Training Network: Wilderness Survival | Orienteering

Running

Running enables the body to improve the transport of blood and oxygen to the working muscles and brings about positive changes in the muscles' ability to produce energy. Running fits well into any physical training program because a training effect can be attained with only three 20-minute workouts per week.

Failure to allow recovery between hard bouts of running cannot only lead to overtraining, but can also be a major cause of injuries. A well-conditioned person can run five to six times a week. However, to do this safely, he should do two things: 1) gradually buildup to running that frequently; and, 2) vary the intensity and/or duration of the running sessions to allow recovery between them.

INTERVAL TRAINING

Interval training works the cardiorespiratory system. It is an advanced form of exercise training which helps a person significantly improve his fitness level in a relatively short time and increase his running speed.

In interval training, a person exercises by running at a pace that is slightly faster than his race pace for short periods of time. He does this repeatedly with periods of recovery placed between periods of fast running. In this way, the energy systems used are allowed to recover, and the exerciser can do more fast-paced running in a given workout than if he ran continuously without resting. This type of intermittent training can also be used with activities such as cycling, swimming, bicycling, and rowing.

Monitoring the heart-rate response during interval training is not as important as making sure that the work intervals are run at the proper speed. Because of the intense nature of interval training, during the work interval the heart rate will generally climb to 85 or 90 percent of HRR. During the recovery interval, the heart rate usually falls to around 120 to 140 beats per minute. Because the heart rate is not the major concern during interval training, monitoring THR and using it as a training guide is not necessary.

As the runner becomes more conditioned, his recovery is quicker. As a result, he should either shorten the recovery interval (jogging time) or run the interval a few seconds faster.

After a runner has reached a good CR fitness level using the THR method, he should be ready for interval training. As with any other new training method, interval training should be introduced into his training program gradually and progressively. At first, he should do it once a week. If he responds well, he may do it twice a week at the most, with at least one recovery day in between.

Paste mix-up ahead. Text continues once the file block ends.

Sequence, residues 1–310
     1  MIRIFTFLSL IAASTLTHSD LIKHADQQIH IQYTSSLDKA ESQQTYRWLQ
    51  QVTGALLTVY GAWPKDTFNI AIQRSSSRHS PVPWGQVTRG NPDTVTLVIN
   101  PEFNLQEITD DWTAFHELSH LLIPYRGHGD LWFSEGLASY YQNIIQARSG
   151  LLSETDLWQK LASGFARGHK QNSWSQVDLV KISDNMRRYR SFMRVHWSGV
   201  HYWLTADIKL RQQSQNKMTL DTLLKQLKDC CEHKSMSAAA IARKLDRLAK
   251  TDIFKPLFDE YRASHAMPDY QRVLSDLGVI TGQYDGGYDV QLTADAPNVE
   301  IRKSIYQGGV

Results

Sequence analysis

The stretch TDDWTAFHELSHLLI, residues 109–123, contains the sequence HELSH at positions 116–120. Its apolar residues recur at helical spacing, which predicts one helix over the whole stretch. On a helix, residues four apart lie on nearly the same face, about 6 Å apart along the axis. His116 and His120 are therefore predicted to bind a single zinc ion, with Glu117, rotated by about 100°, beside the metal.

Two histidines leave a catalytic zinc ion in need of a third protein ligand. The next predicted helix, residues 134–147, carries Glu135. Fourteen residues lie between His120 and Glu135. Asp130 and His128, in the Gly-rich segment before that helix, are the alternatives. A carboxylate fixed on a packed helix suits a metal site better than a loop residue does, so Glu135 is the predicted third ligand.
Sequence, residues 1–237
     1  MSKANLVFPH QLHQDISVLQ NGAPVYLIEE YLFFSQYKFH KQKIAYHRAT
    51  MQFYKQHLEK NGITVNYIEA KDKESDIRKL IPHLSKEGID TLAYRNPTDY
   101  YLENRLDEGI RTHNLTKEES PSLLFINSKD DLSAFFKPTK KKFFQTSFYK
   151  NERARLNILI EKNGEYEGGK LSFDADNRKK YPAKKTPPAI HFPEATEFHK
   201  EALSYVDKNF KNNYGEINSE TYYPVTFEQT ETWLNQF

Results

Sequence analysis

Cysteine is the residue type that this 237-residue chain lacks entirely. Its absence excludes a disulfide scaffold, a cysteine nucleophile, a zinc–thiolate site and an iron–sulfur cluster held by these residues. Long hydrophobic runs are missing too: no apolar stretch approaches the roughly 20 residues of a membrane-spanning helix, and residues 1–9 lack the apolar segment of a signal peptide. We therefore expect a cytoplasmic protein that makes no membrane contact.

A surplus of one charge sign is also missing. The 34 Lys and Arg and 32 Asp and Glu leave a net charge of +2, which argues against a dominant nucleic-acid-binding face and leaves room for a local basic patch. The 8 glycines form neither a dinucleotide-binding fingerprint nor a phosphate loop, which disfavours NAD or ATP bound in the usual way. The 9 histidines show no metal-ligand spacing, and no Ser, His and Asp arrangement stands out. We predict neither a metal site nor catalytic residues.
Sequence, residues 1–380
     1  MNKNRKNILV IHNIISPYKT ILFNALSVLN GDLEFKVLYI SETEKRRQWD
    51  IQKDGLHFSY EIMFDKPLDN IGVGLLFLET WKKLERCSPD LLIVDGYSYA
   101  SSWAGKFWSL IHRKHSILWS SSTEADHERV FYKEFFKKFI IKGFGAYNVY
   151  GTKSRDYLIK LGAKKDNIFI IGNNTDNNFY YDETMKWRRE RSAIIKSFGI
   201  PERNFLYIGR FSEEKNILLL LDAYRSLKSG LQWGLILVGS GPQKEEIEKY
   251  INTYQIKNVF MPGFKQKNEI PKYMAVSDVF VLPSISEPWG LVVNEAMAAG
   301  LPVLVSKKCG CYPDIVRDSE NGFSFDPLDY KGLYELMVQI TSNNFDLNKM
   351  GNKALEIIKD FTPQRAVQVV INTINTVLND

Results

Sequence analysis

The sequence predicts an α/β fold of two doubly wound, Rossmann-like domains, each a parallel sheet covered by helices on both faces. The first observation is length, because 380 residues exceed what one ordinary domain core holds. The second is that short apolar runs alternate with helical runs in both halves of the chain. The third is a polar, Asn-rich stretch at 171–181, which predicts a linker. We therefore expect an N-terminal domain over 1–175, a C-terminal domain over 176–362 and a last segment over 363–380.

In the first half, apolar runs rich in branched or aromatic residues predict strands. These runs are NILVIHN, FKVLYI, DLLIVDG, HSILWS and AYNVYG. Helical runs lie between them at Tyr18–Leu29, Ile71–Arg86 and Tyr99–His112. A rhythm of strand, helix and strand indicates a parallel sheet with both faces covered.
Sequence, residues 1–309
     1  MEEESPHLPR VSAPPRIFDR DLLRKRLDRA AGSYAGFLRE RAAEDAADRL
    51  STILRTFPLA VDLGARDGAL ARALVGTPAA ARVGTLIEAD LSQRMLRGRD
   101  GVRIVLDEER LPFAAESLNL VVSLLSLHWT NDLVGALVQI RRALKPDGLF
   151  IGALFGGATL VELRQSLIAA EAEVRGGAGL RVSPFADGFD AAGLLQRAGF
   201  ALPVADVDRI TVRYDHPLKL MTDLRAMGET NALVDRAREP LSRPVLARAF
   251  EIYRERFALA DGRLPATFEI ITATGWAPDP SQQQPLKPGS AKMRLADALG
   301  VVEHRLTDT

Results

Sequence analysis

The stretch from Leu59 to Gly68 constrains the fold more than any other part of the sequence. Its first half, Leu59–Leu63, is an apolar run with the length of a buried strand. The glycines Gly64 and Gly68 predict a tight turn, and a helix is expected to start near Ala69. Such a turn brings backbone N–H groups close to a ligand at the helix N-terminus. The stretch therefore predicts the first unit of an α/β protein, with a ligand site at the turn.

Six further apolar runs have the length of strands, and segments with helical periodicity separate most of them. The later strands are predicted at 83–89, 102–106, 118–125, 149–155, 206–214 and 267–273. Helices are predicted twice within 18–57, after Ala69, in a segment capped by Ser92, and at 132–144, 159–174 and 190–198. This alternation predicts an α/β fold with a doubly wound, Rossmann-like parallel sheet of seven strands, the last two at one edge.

As with any workout, one should start interval workouts with a warm-up and end them with a cool-down.

FARTLEK TRAINING

In Fartlek training, another type of CR training sometimes called speed play, the runner varies the intensity (speed) of the running during the workout. Instead of running at a constant speed, he starts with very slow jogging. When ready, he runs hard for a few minutes until he feels the need to slow down. At this time he recovers by jogging at an easy pace. This process of alternating fast and recovery running (both of varying distances) gives the same results as interval training. However, neither the running nor recovery interval is timed, and the running is not done on a track. For these reasons, many runners prefer Fartlek training to interval training.

CROSS-COUNTRY RUNNING

Cross-country running conditions the leg muscles and develops CR endurance. It consists of running a certain distance on a course laid out across fields, over hills, through woods, or on any other irregular terrain. The speed and distance can be increased gradually as one's conditioning improves. At first, the distance should be one mile or less, depending on the terrain and fitness level. It should then be gradually increased to four miles.

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Buy The Book This Site Is Based On
U.S. Army Field Manual 21-20 is the source material for this website. A soldier's level of physical fitness has a direct impact on his combat readiness. The many battles in which American troops have fought under-score the important role physical fitness plays on the battlefield. The renewed nationwide interest in fitness has been accompanied by many research studies on the effects of regular participation in sound physical fitness programs. The overwhelming conclusion is that such programs enhance a person's quality of life, improve productivity, and bring about positive physical and mental changes. Not only are physically fit soldiers essential to the Army, they are also more likely to have enjoyable, productive lives, and you can too.

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